raised by wolves mother and children

While space-faring vehicles do show up, along with some other imagery commonly associated with science fiction, the exterior locations and rather primitive settings make Aaron Guzikowski's comparison to Little House on the Prairie quite an apt one. Quite often, viewers wouldn't be out of line for thinking that Raised by Wolves took place thousands of years ago, as opposed to many years in the future. (Well okay, those body suits would instantly give it away.) It's very much about survival of the fittest in a two-clan kind of world, where hunting and gathering are they way of the land.

Speaking of Raised by Wolves' eye-catching world, I asked showrunner Aaron Guzikowski what he was most impressed by when comparing his initial scripts for the show to the fully realized final product. For that, he gave major kudos to both Ridley Scott and Amanda Collin. In his words:

So many things. I mean, Ridley brought so much to it visually, just in terms of the design and just, you know, the whole look and the pacing and so on and so forth. Just watching the pilot for the first time was just an ecstatic sort of experience to have the 'master' basically executing the story. So I couldn't be happier on that front. And I think Amanda Collins performance as Mother just makes me so giddy with joy. I mean, really, it's so difficult to figure that out, how to play that, and I think she just had a way into it from the very beginning, and just fully became that character. To me, so much of the show hinged on that. So it was a great and happy surprise with just how well she nailed it.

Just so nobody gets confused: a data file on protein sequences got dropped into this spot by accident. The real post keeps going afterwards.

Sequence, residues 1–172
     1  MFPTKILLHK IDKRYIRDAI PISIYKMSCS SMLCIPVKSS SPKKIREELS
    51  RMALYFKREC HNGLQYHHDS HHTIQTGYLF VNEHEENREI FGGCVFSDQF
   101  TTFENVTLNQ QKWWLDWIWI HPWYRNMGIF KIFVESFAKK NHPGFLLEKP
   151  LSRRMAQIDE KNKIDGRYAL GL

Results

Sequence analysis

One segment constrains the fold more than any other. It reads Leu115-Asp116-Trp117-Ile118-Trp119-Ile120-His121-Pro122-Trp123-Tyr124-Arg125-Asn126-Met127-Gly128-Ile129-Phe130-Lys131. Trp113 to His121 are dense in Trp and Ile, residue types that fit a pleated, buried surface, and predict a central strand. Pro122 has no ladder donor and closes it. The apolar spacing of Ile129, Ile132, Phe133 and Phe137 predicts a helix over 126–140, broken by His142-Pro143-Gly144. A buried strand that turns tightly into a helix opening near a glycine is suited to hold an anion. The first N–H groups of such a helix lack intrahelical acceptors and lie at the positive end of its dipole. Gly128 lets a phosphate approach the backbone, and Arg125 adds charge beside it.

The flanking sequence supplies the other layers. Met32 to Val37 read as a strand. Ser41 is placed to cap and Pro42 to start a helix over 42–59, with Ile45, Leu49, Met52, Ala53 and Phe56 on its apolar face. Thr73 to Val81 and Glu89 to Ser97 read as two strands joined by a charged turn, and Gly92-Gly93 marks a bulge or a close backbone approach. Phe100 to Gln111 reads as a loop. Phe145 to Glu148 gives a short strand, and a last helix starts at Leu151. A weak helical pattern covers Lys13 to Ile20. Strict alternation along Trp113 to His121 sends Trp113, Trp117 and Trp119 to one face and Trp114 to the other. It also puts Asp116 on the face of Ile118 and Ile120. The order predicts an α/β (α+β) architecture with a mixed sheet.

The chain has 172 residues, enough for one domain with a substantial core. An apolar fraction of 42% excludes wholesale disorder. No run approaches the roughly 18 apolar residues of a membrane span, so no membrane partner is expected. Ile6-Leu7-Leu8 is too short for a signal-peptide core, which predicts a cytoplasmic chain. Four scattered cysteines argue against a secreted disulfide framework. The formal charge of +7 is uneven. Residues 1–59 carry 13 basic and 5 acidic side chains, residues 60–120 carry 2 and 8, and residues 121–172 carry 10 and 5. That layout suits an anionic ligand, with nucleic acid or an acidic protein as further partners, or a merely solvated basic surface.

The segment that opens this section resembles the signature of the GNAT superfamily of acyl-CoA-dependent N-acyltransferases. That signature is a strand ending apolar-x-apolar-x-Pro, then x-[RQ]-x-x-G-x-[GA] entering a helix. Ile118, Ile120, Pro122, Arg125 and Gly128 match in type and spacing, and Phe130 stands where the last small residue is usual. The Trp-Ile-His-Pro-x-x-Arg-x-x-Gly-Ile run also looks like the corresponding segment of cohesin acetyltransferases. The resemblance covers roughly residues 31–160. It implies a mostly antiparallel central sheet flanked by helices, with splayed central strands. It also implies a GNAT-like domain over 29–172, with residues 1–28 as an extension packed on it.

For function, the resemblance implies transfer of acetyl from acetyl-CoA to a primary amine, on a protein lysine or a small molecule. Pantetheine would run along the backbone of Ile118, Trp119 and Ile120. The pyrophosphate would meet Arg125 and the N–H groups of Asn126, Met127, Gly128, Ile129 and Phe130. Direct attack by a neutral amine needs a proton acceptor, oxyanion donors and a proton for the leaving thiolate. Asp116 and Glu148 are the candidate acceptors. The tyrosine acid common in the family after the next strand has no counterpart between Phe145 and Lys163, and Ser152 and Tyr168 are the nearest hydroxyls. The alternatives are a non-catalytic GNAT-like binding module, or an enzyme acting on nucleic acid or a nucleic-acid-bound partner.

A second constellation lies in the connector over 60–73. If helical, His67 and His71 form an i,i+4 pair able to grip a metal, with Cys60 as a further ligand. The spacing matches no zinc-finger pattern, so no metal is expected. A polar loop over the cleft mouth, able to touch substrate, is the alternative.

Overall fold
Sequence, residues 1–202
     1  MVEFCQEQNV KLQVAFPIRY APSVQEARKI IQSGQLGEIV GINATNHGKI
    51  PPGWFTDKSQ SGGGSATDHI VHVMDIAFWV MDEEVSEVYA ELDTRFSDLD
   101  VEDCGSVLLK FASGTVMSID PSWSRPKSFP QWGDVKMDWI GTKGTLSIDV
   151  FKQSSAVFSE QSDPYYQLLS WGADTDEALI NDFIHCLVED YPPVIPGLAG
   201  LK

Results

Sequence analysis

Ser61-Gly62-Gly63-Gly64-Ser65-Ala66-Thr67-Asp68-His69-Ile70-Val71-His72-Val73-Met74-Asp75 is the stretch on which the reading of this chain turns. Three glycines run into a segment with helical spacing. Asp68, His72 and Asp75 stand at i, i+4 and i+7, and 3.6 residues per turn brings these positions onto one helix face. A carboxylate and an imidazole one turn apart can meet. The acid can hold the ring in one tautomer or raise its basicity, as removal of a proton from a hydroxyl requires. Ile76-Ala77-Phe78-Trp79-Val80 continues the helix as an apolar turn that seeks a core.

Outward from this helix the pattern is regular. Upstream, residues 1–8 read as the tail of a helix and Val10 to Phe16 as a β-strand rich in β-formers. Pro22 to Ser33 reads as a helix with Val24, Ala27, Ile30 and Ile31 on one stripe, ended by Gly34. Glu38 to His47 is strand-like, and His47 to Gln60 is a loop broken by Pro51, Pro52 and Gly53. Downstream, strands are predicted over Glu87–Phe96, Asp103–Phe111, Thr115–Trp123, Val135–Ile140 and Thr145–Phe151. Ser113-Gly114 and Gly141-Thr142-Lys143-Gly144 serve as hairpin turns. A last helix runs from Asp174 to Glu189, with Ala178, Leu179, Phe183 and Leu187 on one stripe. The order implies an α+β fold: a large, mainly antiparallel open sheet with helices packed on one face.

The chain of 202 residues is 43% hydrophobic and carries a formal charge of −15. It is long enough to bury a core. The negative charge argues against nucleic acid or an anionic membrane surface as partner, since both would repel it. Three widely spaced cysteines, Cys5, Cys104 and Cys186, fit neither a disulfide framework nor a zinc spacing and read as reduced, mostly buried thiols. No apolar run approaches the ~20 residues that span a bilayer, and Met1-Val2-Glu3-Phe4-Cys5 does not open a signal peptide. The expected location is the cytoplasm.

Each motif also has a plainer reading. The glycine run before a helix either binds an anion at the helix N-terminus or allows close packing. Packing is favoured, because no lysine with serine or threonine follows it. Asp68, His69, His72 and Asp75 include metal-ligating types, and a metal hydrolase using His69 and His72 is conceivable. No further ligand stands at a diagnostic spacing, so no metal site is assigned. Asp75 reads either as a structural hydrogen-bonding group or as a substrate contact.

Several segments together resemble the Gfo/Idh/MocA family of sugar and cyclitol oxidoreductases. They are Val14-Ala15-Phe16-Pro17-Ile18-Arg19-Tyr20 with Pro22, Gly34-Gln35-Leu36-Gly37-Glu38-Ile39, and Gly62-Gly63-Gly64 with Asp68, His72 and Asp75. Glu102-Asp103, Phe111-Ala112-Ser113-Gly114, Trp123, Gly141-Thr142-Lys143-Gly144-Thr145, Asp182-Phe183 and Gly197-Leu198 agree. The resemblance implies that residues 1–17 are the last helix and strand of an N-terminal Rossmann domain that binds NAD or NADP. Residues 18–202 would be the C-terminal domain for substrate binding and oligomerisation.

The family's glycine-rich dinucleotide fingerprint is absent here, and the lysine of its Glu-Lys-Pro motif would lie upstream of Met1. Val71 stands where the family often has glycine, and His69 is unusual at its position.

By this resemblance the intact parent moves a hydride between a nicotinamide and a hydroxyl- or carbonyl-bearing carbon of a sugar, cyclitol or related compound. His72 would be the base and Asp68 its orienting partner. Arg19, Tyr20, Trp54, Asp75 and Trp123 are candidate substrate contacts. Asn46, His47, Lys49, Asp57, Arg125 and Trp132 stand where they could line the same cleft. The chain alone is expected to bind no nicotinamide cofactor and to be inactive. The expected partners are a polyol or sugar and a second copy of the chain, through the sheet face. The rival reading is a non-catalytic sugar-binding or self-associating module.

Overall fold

Certainly, that Season 1 premiere is a breath of WTF air in comparison to just about everything else in HBO Max's original series lineup so far, though it feels right in line with Ridley Scott's sci-fi career. Certainly films like Prometheus and The Martian anyway, if not Blade Runner. And because even a gorgeous TV show is only as good as its actors, it definitely makes sense for Aaron Guzikowski to give Amanda Collin a shout-out as well. She's so good, no matter what genre one thinks this show falls under.

Check out the second, extended trailer for Raised by Wolves below, which definitely lays out the central story in a more cohesive way than the first one did, if you like that sort of thing.

Raised by Wolves made its debut on HBO Max on September 3, with the first three episodes of Season 1 currently available to stream for both sci-fi fans and those who want a very distinct story about raising a family through strife. Stay tuned to CinemaBlend for more coverage, and head to our Fall 2020 TV premiere schedule to see what other new and returning shows are on the way in the near future.

Nick Venable

Nick is a Cajun Country native, and is often asked why he doesn't sound like that's the case. His love for his wife and daughters is almost equaled by his love of gasp-for-breath laughter and gasp-for-breath horror. A lifetime spent in the vicinity of a television screen led to his current dream job, as well as his knowledge of too many TV themes and ad jingles.